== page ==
What probably happened is your friends were torrenting, and some entity acting on behalf of copyright holders got their IP from public trackers/DHT. Then they came knocking to the ISP with a cour order, asking for information about the person behind that IP address, and the ISP gave them that [4]. Finally, the entity sent a C&D to your friends.

[1] - See the EU DPS' opinion on how the existing EU legal framework affets ISPs' data inspection abilities: https://eur-lex.europa.eu/legal-content/EN/TXT/PDF/?uri=CELE...

[2] - See Directive 2006/24/EC, tl;dr https://en.wikipedia.org/wiki/Data_retention#European_Union

[3] - htps://www.bundesnetzagentur.de/DE/Sachgebiete/Telekommunikation/Unternehmen_Institutionen/Anbieterpflichten/OeffentlicheSicherheit/Umsetzung110TKG/VDS_113aTKG/VDS.html

[4] - https://blog.raychenon.com/file-sharing-violations-in-german...


Sorry for making error in terminology yes it is some Lawyer agency or what not, but result is the same. If someone can sniff your transport regardless who it is end result is the same, you do not have privacy and idea that you can copy something for your own or your family use is just plain wrong.

I mean you can, we can do "anything" but there are repercussions for each action.


There is no need for any sniffing for the above scenario to happen.

It’s literally just using the P2P nature of bittorrent to get peers’ IP addresses (you can do that too! Just start any torrent and look at the peers tab in your client), then using the legal tools to request data about a person breaking the law using such and such IP address.


That is true but unless static address why would anyone give you exact geo location of the IP address?!

If you extend this to everything you can have massive surveillance without cookies, MAC address of device, IP address for each package and you know who is accessing what kind of content on internet. So, why wait whenever someone reads article about class 1 drug just brake his door and arrest him, isn't it ?! I mean fork privacy, democracy, and judicial process, just lets immediately arrest everyone :/

Anyway, in German scenario how can you certify that someone was not hijacking your router?

(As per friends case, they had friend who was sleeping over and connected to their Wifi ...)


The sniffing relies on people trading files using p2p connections (and exposing their IPs) and lawyers getting the user of the IP at that time from internet providers, either via court order or some other back channel. There is no deep packet inspection.

Some lawyers are even using sites similar to https://iknowwhatyoudownload.com/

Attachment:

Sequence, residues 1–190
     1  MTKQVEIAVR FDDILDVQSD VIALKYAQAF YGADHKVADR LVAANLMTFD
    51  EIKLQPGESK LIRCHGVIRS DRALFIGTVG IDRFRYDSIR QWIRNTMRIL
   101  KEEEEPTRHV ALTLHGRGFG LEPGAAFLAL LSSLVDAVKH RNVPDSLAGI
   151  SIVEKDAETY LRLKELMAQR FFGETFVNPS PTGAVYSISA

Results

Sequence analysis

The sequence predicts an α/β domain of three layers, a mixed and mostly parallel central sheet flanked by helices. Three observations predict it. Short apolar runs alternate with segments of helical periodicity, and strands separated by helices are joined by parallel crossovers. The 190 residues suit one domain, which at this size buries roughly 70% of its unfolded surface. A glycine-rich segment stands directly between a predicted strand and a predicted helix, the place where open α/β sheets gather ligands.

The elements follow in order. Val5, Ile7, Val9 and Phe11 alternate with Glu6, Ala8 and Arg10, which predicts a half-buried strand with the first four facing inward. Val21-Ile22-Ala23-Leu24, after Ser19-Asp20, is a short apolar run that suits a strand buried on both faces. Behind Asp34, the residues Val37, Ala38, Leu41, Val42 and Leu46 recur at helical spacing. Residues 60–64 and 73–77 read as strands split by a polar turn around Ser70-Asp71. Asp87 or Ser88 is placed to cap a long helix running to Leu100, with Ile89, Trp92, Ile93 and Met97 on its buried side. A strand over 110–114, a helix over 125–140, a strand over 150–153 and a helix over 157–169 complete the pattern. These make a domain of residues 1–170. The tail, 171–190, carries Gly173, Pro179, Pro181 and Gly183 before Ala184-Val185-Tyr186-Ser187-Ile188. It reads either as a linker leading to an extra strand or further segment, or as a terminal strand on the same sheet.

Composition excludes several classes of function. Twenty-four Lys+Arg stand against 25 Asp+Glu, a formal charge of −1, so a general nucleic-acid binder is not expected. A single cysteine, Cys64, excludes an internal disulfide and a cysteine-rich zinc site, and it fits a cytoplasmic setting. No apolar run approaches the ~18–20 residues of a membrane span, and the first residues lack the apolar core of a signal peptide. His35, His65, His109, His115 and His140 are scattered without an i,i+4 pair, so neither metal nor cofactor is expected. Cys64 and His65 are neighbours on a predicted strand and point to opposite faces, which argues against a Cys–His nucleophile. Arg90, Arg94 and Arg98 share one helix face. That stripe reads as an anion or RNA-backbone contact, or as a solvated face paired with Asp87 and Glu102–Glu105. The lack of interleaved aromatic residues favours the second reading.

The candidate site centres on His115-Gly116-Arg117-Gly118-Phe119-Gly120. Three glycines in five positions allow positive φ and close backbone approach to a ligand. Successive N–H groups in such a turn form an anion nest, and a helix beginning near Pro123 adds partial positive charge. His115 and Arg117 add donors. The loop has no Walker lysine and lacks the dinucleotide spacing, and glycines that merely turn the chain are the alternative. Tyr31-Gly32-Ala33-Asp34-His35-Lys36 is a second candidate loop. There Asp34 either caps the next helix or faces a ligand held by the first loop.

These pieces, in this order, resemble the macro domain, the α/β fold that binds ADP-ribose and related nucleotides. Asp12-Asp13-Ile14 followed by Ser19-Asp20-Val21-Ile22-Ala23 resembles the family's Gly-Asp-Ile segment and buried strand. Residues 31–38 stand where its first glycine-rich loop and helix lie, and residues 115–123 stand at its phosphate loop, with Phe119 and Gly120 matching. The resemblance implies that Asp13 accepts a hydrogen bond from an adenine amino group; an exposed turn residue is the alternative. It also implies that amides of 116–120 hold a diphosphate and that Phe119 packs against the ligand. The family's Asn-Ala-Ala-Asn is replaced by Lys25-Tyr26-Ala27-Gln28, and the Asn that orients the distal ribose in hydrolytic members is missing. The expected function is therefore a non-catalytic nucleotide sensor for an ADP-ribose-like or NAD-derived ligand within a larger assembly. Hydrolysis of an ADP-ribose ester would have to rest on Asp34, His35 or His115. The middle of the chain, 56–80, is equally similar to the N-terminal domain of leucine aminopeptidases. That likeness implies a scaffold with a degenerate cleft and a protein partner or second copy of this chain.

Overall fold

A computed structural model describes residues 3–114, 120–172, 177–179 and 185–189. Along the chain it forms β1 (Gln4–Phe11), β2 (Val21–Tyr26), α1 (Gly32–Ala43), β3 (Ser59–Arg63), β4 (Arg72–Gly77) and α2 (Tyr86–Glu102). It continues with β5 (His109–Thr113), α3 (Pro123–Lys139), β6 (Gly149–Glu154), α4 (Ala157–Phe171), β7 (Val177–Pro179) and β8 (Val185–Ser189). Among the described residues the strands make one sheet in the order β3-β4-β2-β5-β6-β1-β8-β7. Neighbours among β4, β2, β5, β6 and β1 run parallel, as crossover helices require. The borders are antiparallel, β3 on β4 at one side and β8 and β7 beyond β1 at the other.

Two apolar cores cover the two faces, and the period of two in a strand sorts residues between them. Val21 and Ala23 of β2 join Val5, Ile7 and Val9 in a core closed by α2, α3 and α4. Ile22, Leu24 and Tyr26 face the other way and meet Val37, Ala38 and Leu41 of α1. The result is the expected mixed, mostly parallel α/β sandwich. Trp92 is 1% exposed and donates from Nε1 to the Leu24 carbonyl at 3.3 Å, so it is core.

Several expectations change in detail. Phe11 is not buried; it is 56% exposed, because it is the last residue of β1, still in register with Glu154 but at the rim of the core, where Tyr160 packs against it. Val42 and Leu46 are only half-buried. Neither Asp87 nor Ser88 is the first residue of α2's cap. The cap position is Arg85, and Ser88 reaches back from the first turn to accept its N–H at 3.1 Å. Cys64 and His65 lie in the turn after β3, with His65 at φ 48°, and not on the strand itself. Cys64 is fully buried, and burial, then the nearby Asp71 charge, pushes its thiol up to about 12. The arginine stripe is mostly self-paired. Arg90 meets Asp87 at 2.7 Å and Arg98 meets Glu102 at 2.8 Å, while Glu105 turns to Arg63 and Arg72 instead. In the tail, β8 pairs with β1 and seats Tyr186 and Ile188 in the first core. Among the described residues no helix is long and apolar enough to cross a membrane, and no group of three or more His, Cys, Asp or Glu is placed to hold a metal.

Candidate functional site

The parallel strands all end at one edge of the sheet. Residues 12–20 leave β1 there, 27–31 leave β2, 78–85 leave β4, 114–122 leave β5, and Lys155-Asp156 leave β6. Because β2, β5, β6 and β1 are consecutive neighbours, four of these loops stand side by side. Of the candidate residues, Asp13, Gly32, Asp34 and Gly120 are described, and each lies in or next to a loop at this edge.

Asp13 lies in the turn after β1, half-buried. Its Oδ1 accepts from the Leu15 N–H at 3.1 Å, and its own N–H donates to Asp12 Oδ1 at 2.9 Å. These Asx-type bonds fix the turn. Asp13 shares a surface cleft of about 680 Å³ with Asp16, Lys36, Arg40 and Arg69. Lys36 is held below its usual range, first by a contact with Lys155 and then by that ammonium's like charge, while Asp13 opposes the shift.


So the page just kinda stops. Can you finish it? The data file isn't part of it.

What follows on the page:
It probably costs less to pay the amount than fighting it in court. I think it's capped at 450 Euro or something? But I know some people who got scot free by merely having a lawyer send a response.


You can get the exact geo location of an IP address in the US or almost any other country too. Don't even need a court order, just pay for an expensive GeoIP Database, which will work 99.9% of the time to get someone's postal address by zooming in on Google Maps.

In United States, copyright law explicitly allows for copying that is essential to operating a piece of software.

That is a big part of why companies try to claim they never sold you a copy in the first place, only licensed it.


Is there any legal precedent on what qualifies as "copying"? By the time you are even presented with the license agreement, you already copied the program several times (unless it is a thin installer that litterally avoids downloading the content until you accept).

Well in this case of a video game. There was a loader loading the image into ram then hot patching it. They deemed the loader copying it into ram was copying. IANAL but sometimes they take the term copying very literally.

I would assume this falls under Severability [1]. In most cases, the button you click on literally says "I accept", which the corporate lawyer would interpret in a similar way to signing a contract in full.

In other words, if I click "send" on my resignation email to my employer, but later argue in court that I totally didn't mean to actually resign, but only to check if my email program works, I may have a challenging case.

[1] https://en.wikipedia.org/wiki/Severability


How do they know that I didn't patch the binary to replace "I accept" with "I reject"?